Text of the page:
Pointer arithmatic failed to compile, gcc says invalid type conversion

I wish to calculate the distance between a program's bss section and the start of heap section, so I've got a program like this:

$ cat 1.cpp

#include<unistd.h>
#include<stdlib.h>
#include<stdio.h>
int empty;//bss
int main()
{
  char*p=(char*)malloc(0);
  printf("%d\n",(int)p-(int)&empty);
  return 0;
}

When I compile that code using:

$ g++ 1.cpp

The errors are:

1.cpp: In function ‘int main()’:
1.cpp:8:22: error: cast from ‘char*’ to ‘int’ loses precision [-fpermissive]
   printf("%d\n",(int)p-(int)&empty);
                  ^
1.cpp:8:30: error: cast from ‘int*’ to ‘int’ loses precision [-fpermissive]
   printf("%d\n",(int)p-(int)&empty);
                          ^

I don't think it's improper to convert an int* to int. I found plenty of examples doing this on the internet.

Why is my code not compiling?

Answers


Don't always trust what you read on the Internet.

Presumably, you're on a platform where pointers are 64-bit and int is 32-bit. In this case, a conversion from a pointer to int loses precision, and you're compiling with the right flags to make this an error. Well done!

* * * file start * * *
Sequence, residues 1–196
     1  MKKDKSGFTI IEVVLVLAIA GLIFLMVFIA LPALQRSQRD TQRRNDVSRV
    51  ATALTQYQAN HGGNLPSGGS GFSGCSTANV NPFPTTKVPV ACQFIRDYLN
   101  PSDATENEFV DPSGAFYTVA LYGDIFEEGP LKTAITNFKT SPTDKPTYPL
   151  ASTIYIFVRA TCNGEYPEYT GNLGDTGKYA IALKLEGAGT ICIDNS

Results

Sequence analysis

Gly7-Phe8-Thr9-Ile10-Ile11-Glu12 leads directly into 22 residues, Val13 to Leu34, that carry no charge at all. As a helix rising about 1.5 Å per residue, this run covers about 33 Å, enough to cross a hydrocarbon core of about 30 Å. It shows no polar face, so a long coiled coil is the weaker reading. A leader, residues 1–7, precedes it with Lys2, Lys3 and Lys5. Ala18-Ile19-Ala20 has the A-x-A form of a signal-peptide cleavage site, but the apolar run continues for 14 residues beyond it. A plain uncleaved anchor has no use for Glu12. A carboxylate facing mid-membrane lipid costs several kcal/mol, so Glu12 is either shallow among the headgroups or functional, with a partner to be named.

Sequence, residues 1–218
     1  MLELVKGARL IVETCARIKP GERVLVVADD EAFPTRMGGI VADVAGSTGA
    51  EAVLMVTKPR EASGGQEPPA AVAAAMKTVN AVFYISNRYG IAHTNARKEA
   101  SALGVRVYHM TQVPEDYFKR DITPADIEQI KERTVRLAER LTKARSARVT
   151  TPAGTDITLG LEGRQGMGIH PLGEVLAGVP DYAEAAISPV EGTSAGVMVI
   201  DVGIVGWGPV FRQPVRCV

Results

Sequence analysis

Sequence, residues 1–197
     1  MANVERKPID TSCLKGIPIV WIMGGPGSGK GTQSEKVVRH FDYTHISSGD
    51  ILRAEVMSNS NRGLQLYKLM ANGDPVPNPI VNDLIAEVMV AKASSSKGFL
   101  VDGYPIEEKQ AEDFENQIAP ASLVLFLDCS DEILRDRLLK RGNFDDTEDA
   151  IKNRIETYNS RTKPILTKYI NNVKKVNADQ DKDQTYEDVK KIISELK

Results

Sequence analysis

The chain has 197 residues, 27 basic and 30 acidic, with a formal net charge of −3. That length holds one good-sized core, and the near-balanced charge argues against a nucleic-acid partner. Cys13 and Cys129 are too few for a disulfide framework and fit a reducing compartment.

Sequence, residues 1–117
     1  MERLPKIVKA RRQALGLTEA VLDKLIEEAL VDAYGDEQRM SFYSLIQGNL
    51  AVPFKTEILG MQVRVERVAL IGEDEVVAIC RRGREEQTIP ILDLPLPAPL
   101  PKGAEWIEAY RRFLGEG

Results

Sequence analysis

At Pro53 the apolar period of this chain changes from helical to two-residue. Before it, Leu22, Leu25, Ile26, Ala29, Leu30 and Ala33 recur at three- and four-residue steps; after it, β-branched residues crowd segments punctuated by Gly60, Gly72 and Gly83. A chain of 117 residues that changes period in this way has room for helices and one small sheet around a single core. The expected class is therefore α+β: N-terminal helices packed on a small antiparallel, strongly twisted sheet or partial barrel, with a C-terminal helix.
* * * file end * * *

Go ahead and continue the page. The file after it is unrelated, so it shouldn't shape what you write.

The type you're looking for to convert a pointer to an integral type is uintptr_t. This is defined by the standard to be of sufficient width to allow for lossless conversion.


You may want p-reinterpret_cast<char*>(&empty)

But I don't see any reason to calculate distance between the two address. (and is undefined behavior as noted by @mch)


The type to cast to from pointers should be uintptr_t, which is guaranteed not to lose precision, see also fixed width integer types.

If you insist on using printf, then you need to find the right formatter, because that is not fixed. Otherwise, use:

std::cout << reinterpret_cast<uintptr_t>(p);

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